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The Portuguese elect a Parliament that can shift to the right

Photo: Patricia de Melo Moreira Agence France-Presse The leader of the far-right Chega party, André Ventura, during a rally in Lisbon on March 8, 2024. The Portuguese vote on March 10 for the general election.

Thomas Cabral – Agence France-Presse in Lisbon

March 10, 2024

  • Europe

The Portuguese vote on Sunday for legislative elections in which the center-right opposition hopes to consolidate its slight lead in the polls but risks having to deal with populists on the rise.

Three months before the European elections, these elections in Portugal could confirm that the far right is on the rise across the Old Continent, as Italian and Dutch voters have shown.

The Iberian country was one of the few in Europe to be led by the left when the socialist Antonio Costa, in power for eight years, resigned at the beginning of November, giving up running for another mandate after being cited in an investigation into influence peddling.

Polls open at 8 a.m. (local and GMT) and several projections of the results, based on exit polls, will be broadcast by local media at 8 p.m.< /p>

The results of the vote, in which some 10.8 million voters are expected to participate, will be announced in the evening, as the ballots are counted.

With just over 30% of voting intentions, the center-right Democratic Alliance (AD) led by Luis Montenegro, 51, was leading the polls before the vote, with a slim lead on the Socialist Party (PS), which grouped around Pedro Nuno Santos, 46 years old.

Risk of impasse

Third political force since the legislative elections of January 2022, which the PS won with an absolute majority, the anti-system Chega (Enough) party led by André Ventura, 41, could more than double its score from the last legislative elections and obtain almost 17% of the votes.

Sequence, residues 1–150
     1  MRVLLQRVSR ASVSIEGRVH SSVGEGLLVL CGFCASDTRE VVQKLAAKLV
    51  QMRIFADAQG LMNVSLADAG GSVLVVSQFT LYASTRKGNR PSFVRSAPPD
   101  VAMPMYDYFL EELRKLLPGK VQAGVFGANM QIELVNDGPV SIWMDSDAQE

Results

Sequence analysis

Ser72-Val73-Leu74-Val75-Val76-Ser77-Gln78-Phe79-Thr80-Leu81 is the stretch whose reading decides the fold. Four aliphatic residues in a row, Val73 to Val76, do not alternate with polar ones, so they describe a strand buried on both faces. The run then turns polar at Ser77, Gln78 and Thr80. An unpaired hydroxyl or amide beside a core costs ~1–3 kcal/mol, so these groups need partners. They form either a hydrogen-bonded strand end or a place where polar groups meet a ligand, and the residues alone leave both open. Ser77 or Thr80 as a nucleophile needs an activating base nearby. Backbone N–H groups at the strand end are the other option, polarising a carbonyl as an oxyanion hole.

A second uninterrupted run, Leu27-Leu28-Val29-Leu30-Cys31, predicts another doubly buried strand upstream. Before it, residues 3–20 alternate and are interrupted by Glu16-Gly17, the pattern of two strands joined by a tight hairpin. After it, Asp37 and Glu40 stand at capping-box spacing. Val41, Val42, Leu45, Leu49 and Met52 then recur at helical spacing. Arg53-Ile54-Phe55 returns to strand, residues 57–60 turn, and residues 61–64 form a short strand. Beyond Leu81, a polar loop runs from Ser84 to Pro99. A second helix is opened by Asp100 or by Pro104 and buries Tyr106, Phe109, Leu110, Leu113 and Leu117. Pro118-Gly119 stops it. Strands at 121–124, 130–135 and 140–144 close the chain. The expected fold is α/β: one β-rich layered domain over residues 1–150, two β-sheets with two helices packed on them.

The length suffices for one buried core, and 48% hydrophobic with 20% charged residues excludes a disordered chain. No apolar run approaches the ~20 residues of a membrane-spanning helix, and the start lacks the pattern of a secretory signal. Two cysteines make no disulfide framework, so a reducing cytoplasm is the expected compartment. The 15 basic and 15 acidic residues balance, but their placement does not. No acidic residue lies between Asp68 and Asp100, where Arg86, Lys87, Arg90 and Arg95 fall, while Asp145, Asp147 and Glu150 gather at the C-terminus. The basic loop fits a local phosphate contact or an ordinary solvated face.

Despite the large number of undecided voters, pre-election surveys predict that the entire right (made up of the AD, Chega and the Liberal Initiative) should be in the majority in the next Parliament.

But Luis Montenegro, an experienced jurist and parliamentarian, has already ruled out forming a government with the support of the far right, at the risk of causing an impasse if he does not reach the majority of the 230 seats alone or by allying with the liberals.

“Don’t worry. First, stability will be given to us by the Portuguese people. Then, it is us, with our performance, who will guarantee it,” he declared on Friday, during his last rally.

His main opponent, the socialist Pedro Nuno Santos, for his part recalled throughout the campaign that the right, during its last spell in power, between 2011 and 2015, had applied severe budgetary austerity.

Tarnished balance sheet

“When there is a crisis, we already know that it is salaries and pensions that they attack,” underlined this former minister from the left wing of the PS.

Third man in this electoral race, the populist André Ventura affirmed for his part that the two major parties of the center, which have shared power since the advent of democracy in Portugal, there is everything just 50 years old, “are just two sides (of the same) coin.”

“One cannot succeed the other. For change, we need Chega,” said this law professor and former football commentator, known for his xenophobic attacks against the Gypsy minority.

Despite the consolidation of public finances, growth above the European average and unemployment at its lowest, the socialist government's record is tarnished by inflation, dysfunctions of health services and schools, as well as a strong housing crisis.

Added to this were the series of corruption scandals, which ultimately brought down Antonio Costa, and the doubling of the immigrant population in the space of five years, two promising themes for the extreme right.

Teilor Stone

By Teilor Stone

Teilor Stone has been a reporter on the news desk since 2013. Before that she wrote about young adolescence and family dynamics for Styles and was the legal affairs correspondent for the Metro desk. Before joining Thesaxon , Teilor Stone worked as a staff writer at the Village Voice and a freelancer for Newsday, The Wall Street Journal, GQ and Mirabella. To get in touch, contact me through my teilor@nizhtimes.com 1-800-268-7116